Of course you have to cover fabrication costs and all that stuff, but Spinout really seems to be a labour of love, similar in a way to Deke Dickerson’s Eccofonic label…
Eddie Angel   well everything you do in music has to start as a labor of love. It doesn’t make sense to get into music to make money, there are much easier ways to do that. If you don’t believe me,ask anyone who does it for a living

In another interview you said “I definitely think rock music is way too serious. It bores me to death”
Eddie Angel   Notice I said “rock” music not rock’n’roll. I’m talking about all the crap thats been flying around for the last 20 years or so…. and yes it bores me when someone sings about themselves, I’d rather hear “Surfin’ Bird” or Chubby Checker.

Is this why you did “Young At Heart”?
Eddie Angel   I did “Young at Heart” because I wanted to do a kids record.  It features Cindy Fee, a friend of mine who has a voice like Ella Fitzgerald

Tell us about the idea behind “Meet The Beatles”…
Eddie Angel   I wanted to do songs that were in The Beatles live repertoire before they made it, not Beatles songs themselves, but what were The Beatles playing at the Cavern or the Star Club. A list exists of every song known that the Beatles ever performed, some of them i’d never heard like “One Track Mind”, it was the flip side of “Tossin and Turning” or “Nobody but Me” by The Lafayettes… again a flip side to their hit single.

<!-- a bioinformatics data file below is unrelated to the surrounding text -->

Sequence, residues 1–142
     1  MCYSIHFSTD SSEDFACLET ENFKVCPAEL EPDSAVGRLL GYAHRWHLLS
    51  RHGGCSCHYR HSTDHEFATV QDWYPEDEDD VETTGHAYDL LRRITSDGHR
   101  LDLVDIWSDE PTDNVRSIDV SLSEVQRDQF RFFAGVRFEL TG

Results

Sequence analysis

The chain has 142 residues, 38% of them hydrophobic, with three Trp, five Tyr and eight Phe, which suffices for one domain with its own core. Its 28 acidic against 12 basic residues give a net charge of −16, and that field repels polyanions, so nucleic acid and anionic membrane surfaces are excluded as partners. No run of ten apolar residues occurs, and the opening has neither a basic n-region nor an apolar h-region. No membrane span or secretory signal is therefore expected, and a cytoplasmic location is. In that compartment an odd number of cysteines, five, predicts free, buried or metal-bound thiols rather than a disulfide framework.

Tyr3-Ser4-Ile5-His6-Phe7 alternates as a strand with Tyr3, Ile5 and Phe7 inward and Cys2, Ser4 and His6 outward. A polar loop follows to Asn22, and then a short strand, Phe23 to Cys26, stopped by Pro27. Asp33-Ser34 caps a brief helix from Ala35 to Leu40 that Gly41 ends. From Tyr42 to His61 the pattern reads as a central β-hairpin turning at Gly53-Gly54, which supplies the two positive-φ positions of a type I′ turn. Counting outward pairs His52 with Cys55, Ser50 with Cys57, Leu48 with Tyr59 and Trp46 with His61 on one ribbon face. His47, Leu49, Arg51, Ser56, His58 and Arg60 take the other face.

It was a fun and interesting project and I came away with a few thoughts. They were genius in their choice of songs and totally unorthodox. They were a product of the twist era.

You were approximately 10 when the Beatles “conquered” the USA. Did you have the chance to see them on the Ed Sullivan Show?
Eddie Angel   Yes! I remember seeing them on their first Ed Sullivan appearance. It put me on my life’s trajectory. I actually remember the first time I heard The Beatles. I was in the record department of my local department store and they would play the new records over the PA system. I heard “I Want to Hold Your Hand” and I was knocked out… I thought it was a black group,like The Miracles, anyway I bought the 45 on the spot and brought it home to my sister who was strictly an Elvis fan. She looked at the cover, made a face and sneered “ooh they LOOK like beetles

Some discovered rockabilly and rock’n’roll through the versions The Beatles did of Matchbox, Rock’n’roll Music, Honey Don’t, Words Of Love etc. What about you?
Eddie Angel   Yes to a certain degree, but I also had 2 older sisters who were original rock’n’nroll fans, they had all the Elvis records, some Jerry Lee,Little Richard, Everly Bros etc. so I heard that music growing up. But I don’t think I had heard much Carl Perkins,outside of “Blue Suede Shoes”, but I think I play the guitar the way I do is because my brain was wired at an early age by the 50’s R’nR records my sisters played constantly around the house. R’n’R was the only music I heard growing up, there was no classical or pop standards played in the house.

On “Meet The Beatles” this is the first time, to my knowledge, you’re taking the lead vocal part, at least on a long distance. How did you approach that?
Eddie Angel   Well, I have sung in bands over the years, its just not something I ever gave much thought to. I never thought of myself as a singer… but I’m not bad.

A constant with Spinout’s records and this one makes no exception is the quality of the covers design. It really seems like it’s very important for you…
Eddie Angel   I’m lucky to know a few very talented graphic artists. Kaiser George does most of the covers and I think he’s a genius.